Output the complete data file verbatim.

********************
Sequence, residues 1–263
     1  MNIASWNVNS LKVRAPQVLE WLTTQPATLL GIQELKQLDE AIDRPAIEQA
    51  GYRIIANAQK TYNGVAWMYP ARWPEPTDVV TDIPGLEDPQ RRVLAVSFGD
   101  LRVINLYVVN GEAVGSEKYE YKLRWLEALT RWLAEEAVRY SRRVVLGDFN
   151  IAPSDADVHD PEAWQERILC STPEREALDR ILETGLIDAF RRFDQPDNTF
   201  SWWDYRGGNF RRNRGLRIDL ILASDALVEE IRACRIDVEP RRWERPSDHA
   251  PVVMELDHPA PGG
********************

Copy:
Sequence, residues 1–263
     1  MNIASWNVNS LKVRAPQVLE WLTTQPATLL GIQELKQLDE AIDRPAIEQA
    51  GYRIIANAQK TYNGVAWMYP ARWPEPTDVV TDIPGLEDPQ RRVLAVSFGD
   101  LRVINLYVVN GEAVGSEKYE YKLRWLEALT RWLAEEAVRY SRRVVLGDFN
   151  IAPSDADVHD PEAWQERILC STPEREALDR ILETGLIDAF RRFDQPDNTF
   201  SWWDYRGGNF RRNRGLRIDL ILASDALVEE IRACRIDVEP RRWERPSDHA
   251  PVVMELDHPA PGG